PMCCPMCCPMCC

Search tips
Search criteria 

Advanced

 
Logo of nihpaAbout Author manuscriptsSubmit a manuscriptHHS Public Access; Author Manuscript; Accepted for publication in peer reviewed journal;
 
Nurs Res. Author manuscript; available in PMC 2010 June 23.
Published in final edited form as:
PMCID: PMC2890276
NIHMSID: NIHMS149056

Alternate Child Care, History of Hospitalization, and Preschool Child Behavior

JoAnne M. Youngblut, PhD, FAAN and Dorothy Brooten, PhD, FAAN

Abstract

Background

With more single mothers entering the workforce due to welfare reform efforts, more hospitalized children from single-parent families will have experienced alternate child care arrangements where routine care is provided by adults other than the child’s mother.

Objectives

To investigate with secondary analysis of data whether experience with alternate child care has a moderating effect on the relationship between hospitalization and behavior of preschool children living in female-headed single-parent families.

Method

A sample of 60 preterm and 61 full-term children who were 3,4, or 5 years old was recruited for the larger longitudinal study. Behavior problems were measured with the Child Behavior Checklist. History of hospitalization and alternate child care arrangements were measured with the Life History Calendar.

Results

Preschool children who experienced hospitalization without alternate child care experience had more somatic complaints, but those with both hospital and alternate child care experience had fewer aggressive behaviors than other children. For children with a history of hospitalization, aggressive behaviors decreased as the proportion of the child’s life in alternate child care increased.

Conclusions

Experience with alternate child care may ameliorate some of the negative effects of hospitalization, and potentially other novel and negative experiences, for preschool children. This could be due to child care providing positive experiences with separation from the mother, a peer group with which to talk about the novel experience, or actual instruction about the novel experience.

Keywords: child behavior, child care, hospitalization, single-parent families

Hospitalization of a child is a stressful event for both parent and child. In his review of the research, Thompson (1985) concluded that children have negative reactions to hospitalization, including night terrors, feeding disturbances, loss of newly acquired developmental skills, and intolerance of separation from the mother, that persist for months after the child’s discharge. Despite efforts to make the hospital more child- and family-focused, preschoolers in a recent study also demonstrated distress 1 week after hospital discharge, including irritability, nightmares, appetite changes, and separation anxiety (Rossen & McKeever, 1996). Separation from the parents (primarily the mother), age of the child, and parental anxiety have been implicated as affecting the child’s reaction after hospital discharge. However, most of this research was conducted prior to 1980 when maternal employment and, thus, experience with separation from the mother and alternate child care (routine care provided by adults other than the child’s mother) at an early age was less common.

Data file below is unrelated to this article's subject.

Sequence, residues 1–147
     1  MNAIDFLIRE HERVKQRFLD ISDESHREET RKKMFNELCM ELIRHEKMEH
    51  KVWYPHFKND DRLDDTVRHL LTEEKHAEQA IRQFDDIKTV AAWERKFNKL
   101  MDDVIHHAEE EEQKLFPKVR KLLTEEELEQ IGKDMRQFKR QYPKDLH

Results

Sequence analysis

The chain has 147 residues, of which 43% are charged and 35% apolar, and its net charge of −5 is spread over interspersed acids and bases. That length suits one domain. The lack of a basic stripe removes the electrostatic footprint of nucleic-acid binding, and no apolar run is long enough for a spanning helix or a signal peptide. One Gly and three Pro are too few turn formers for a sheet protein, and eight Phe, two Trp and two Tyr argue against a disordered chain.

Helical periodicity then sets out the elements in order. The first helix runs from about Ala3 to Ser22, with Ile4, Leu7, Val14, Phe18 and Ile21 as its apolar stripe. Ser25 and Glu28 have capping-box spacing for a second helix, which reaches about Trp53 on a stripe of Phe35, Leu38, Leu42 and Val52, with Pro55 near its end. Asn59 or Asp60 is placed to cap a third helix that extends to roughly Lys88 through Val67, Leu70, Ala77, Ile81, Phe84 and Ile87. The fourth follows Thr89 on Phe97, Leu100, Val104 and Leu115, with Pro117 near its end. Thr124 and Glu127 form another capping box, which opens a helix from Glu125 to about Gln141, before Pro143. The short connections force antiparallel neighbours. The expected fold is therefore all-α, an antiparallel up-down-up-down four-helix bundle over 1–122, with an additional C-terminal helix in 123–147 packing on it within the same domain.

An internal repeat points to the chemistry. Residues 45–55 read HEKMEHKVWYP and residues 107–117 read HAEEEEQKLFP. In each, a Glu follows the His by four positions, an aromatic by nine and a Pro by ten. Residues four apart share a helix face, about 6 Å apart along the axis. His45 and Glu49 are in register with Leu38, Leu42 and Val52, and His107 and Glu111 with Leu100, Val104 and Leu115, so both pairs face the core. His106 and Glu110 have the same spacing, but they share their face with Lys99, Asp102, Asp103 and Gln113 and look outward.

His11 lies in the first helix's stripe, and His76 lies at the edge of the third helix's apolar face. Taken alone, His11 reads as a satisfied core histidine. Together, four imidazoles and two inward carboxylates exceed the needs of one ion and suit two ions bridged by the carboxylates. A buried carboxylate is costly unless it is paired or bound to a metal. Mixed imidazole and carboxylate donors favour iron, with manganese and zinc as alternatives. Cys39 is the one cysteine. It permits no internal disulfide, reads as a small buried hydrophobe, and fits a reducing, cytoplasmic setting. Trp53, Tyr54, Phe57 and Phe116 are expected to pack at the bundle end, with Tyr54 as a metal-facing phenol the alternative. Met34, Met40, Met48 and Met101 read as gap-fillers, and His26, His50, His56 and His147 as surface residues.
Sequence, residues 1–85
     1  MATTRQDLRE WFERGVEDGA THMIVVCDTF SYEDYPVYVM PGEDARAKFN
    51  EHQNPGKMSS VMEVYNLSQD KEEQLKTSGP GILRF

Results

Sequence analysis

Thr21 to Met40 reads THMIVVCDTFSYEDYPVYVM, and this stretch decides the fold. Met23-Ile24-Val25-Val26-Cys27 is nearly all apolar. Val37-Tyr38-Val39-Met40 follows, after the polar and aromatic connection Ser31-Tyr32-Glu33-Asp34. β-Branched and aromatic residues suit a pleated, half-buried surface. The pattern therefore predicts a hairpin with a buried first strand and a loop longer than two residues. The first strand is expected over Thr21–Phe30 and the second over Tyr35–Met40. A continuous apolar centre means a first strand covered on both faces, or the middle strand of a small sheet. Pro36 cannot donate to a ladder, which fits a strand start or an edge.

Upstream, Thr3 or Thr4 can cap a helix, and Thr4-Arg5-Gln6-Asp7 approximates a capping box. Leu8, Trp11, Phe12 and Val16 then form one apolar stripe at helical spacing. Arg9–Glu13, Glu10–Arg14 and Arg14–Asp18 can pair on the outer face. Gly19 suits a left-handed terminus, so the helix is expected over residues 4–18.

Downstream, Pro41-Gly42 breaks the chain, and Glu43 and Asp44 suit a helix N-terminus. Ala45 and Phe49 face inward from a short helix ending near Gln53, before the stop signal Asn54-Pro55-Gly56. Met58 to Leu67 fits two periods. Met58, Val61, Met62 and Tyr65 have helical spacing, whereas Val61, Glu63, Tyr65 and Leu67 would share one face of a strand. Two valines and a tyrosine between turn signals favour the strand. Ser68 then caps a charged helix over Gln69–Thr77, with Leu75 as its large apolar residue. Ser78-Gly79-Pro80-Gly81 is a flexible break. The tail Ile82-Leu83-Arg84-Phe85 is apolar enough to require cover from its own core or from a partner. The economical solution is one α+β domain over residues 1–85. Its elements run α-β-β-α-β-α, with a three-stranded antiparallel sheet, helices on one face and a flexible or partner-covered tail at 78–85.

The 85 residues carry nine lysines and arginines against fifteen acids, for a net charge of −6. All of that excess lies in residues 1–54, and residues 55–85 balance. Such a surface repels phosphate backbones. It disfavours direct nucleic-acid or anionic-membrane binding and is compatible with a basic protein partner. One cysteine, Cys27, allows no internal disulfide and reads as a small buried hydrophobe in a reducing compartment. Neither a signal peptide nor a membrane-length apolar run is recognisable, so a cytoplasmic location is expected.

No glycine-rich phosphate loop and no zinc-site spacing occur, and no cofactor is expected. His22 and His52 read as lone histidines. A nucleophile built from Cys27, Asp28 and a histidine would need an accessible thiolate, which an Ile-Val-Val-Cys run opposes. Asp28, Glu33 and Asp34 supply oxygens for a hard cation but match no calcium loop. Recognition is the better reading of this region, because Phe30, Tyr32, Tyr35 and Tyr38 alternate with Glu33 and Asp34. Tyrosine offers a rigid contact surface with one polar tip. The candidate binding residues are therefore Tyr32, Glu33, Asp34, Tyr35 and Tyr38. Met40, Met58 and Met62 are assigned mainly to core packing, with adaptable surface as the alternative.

According to Bowlby (1969/1982), children look to their primary attachment figures, generally their mothers, in times of stress, such as when they are frightened, tired, or ill. The stress of hospitalization for children is likely due to the fear caused by the child’s separation from the mother and care by nonparental adults as well as the child’s illness. Experience with separation from the mother and care by nonparental adults when the child is not ill may reduce the novelty and fear caused by hospitalization. Thus, experience with alternate child care could act as a buffer for the negative effects of hospitalization.

Conversely, although research suggests that daily mother-child separations due to the mother’s employment have no negative effects for children of any age (Hoffman, 1989), it also is possible that separation for employment is a low-level stressor that, when added to the major stressor of hospitalization, pushes the child’s stress to an unmanageable level. In that case, return to alternate child care after hospitalization might prolong or exacerbate any negative effects of hospitalization. With 50% of single mothers with preschoolers in the workforce (U. S. Bureau of the Census, 1992) and the expected increase in this rate due to welfare reform efforts, more hospitalized children from single-parent families will have experience with nonmaternal care. However, the effects of experience with alternate child care on behavioral outcomes for hospitalized children are unknown.

Relevant Literature

Research on children’s reactions after hospitalization clearly indicates that hospitalization is a stressful event for children and that negative effects can continue for months or years after discharge. In the seminal study by Prugh, Staub, Sands, Kirschbaum, and Lenihan (1953), a sizable proportion of preschool and school-age children who experienced “routine” ward conditions had “significant” negative reactions immediately after discharge (92%) and at 3 months (58%). Most subsequent studies have found posthospitalization upset at 1 to 4 weeks after discharge (Brain & Maclay, 1968; Couture, 1976; Goslin, 1979; Mahaffy, 1965; Melnyk, 1994; Rossen & McKeever, 1996; Sides, 1977; Sipowicz & Vernon, 1965; Wolfer & Visintainer, 1975, 1979). However, two other studies have found normal behavior in children after hospitalization (Carson, Council, & Gravley, 1991; Simons, Bradshaw, & Silva, 1980).

Age of the child frequently has been related to posthospitalization upset, with younger children having more severe negative reactions than older children (Brain & Maclay, 1968; Sides, 1977; Simons et al., 1980). Wolfer and Visintainer (1975, 1979) found no age effects in their first experiment, but saw age-by-treatment effects in a later experiment. Tiedeman and Clatworthy (1990) found that older children (8 to 11 years old) experienced a decrease in anxiety through 7 to 14 days after hospital discharge, but 5- to 8-year-old children did not.